Mark up document structure
A markup language like HTML wraps standard document elements in identifying “tags” that describe the meaning of each element, such as titles, headings, paragraphs, lists, tables, links, addresses, citations, and quotes. The resulting document is “machine-friendly”—it can be read and interpreted by software. When a document has structural markup, software can make use of it by displaying the document title in the browser title bar, by providing a list of links or headings, and so on. Screen reader software can use structure to modulate tone by reading headings more slowly than main text, or by reading links using a different voice. Search engines can index a structured document more accurately than a plain text document because phrases marked as headings help the software determine the document’s subject and primary focus.
Many of today’s Web documents do not contain structural markup, or they make use of only the most basic tags:
BODY, maybe a
P or two. Many documents do contain structural markup, but for visual purposes, such as
BLOCKQUOTE for margins and
TABLE for page layout. Most other markup is presentation markup: tags that describe the visual attributes of page elements. These include such tags as
BR for line breaks,
FONT for setting type size and typeface,
B for bold, and
I for italic.
On the surface, a nonstructured document may look no different than a structured one. Whether a designer marks paragraphs with a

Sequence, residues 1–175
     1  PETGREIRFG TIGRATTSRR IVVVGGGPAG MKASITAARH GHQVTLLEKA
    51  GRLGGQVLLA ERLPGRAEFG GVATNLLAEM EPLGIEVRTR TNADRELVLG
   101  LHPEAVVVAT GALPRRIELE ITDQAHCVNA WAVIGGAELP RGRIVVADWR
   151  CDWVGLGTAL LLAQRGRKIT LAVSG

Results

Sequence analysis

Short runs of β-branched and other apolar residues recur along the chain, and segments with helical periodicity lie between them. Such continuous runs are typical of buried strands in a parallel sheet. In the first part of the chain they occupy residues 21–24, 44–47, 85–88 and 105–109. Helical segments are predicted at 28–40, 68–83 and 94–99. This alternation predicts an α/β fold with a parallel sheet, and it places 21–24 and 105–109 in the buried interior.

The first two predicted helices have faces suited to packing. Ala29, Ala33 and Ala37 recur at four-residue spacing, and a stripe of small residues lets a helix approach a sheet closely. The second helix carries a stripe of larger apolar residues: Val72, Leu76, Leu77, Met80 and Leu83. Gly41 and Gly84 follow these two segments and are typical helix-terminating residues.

P or two
BRs (line breaks) is not visually apparent. However, the logical structure underlying a well-structured document adds a layer of meaning that gives power and utility to the Web. Software can read text documents; with structured text documents, software can both read and derive meaning. A truly interconnected Web requires documents that can be cataloged and connected by software. To do this well, software needs structure.
Take the title of this book.
<i>Access by Design</i> is visually identifiable as a book title because it is italicized and uses title case—two conventions that denote book titles. However, software cannot recognize the phrase as a title because
I means italics—nothing more. On the other hand,
<cite>Access by Design</cite> is universally identifiable as a book title because the HTML tag
CITE is used to denote citations. When a book title is tagged for structure, software can do useful things, such as scan the Web for all instances where the book is cited in other Web documents. In this case, instances marked with
I would fall through the cracks.
To build structured documents, encode content using structural markup. Identify page sections—header, navigation, content, footer—and the elements contained within the sections—headings, paragraphs, lists, and tables. Instead of thinking about what each element should look like, think about what each element is, and tag it using the appropriate HTML structural tag (Figure 2.4). Avoid meaningless tags, such as
I, and do not misuse structural tags for presentation purposes, such as tagging paragraphs with the
BLOCKQUOTE tag to create margins. When it comes time to think about visual design, turn to CSS to define the appearance of structural elements.
||Unordered and ordered lists|
||Emphasized words and phrases|
||Citations (e.g., book titles)|
||Abbreviations and acronyms|